by Rob Williams on September 25, 2013 in Processors
Intel’s latest processor series has arrived, and we’re looking to find out if it becomes the company’s greatest. Compared to Intel’s latest mainstream part, Haswell, IV-E avails a quad-channel memory controller, a far more robust PCIe configuration, and the only place to get six-core parts. Are there other perks to be found? Let’s find out.
SPEC’s CPU2006 is the most comprehensive benchmark in our test suite. Its goal is to test both the general execution performance of a machine and also the chosen compiler, and as such, it makes great use of all available threads across one or more CPUs along with the memory sub-system.
You might not have heard of SPEC before, and if so, it’s likely because the non-profit group creates benchmarks targeted at the enterprise rather than the desktop. The folks responsible for each one of its benchmarks take things extremely seriously, and nothing gets released without extensive review. Many companies belong to SPEC as members, offering input and other insight. Some of these include AMD, Intel, Apple, ASUS, HP, Fujitsu, IBM, Lenovo, Microsoft, NEC, NVIDIA, Novell, Red Hat, Super Micro, VMware, Dell and EMC.
The CPU2006 suite is a about as complicated to explain as it is to run. We’ve prepared what we feel to be the best possible configuration for use with the tool, and as the result of much testing, we use Intel Compiler version 12 coupled with Microsoft Visual Studio 2008 for our testing. This is one of the few current configurations that can deliver submittable results, as Intel Compiler supports the most recent C standard, C99, whereas most compilers do not (in Linux, gcc would be a good replacement).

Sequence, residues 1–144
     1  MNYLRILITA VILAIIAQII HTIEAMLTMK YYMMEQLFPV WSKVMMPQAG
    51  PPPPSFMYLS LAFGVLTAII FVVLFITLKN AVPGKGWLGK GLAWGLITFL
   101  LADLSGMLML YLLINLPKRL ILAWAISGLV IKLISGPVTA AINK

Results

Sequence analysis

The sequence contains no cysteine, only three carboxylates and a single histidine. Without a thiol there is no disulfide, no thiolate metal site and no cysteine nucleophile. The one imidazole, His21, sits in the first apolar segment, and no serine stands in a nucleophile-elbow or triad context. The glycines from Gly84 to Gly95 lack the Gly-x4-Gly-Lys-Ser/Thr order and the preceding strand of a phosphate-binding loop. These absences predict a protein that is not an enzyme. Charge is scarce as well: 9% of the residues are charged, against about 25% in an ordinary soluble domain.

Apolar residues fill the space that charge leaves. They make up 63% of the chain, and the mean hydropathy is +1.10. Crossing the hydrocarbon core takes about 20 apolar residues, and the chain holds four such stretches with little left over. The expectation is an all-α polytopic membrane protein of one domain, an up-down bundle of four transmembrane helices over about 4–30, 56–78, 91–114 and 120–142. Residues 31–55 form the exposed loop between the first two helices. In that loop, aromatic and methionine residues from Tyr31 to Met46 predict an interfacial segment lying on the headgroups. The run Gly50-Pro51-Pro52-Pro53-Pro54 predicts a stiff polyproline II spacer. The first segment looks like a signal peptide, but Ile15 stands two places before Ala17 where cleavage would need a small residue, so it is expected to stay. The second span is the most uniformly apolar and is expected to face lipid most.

Due to its inherent design to run each test three times over, we do not run the entire CPU2006 more than once, as it would be redundant. At the same time, a full run on an Intel Core i7-2600K takes just over 13 hours to complete, so it’s not feasible to run the entire suite multiple times over. Because all current CPUs include AVX acceleration, we enable that in here in our testing.
More information on the suite and how we use it can be read about in this forum post.
Before diving into testing the i7-4960X, I had guessed that CPU2006 might be a benchmark where rather substantial gains would be seen – but again, no. The 4770K outperforms it overall, which really says more about the excellent architecture of Haswell than it does the downsides of IV-E. SPEC is putting the final touches on the next iteration of its CPU benchmark, so it’ll be interesting to re-test these CPUs when that gets released.
The performance improvements we saw the 4770K deliver over the 3770K in our look at that CPU last month didn’t seem overly impressive, but it’s too bad we didn’t see at least that sort of gain with the 4960X over the 3970X.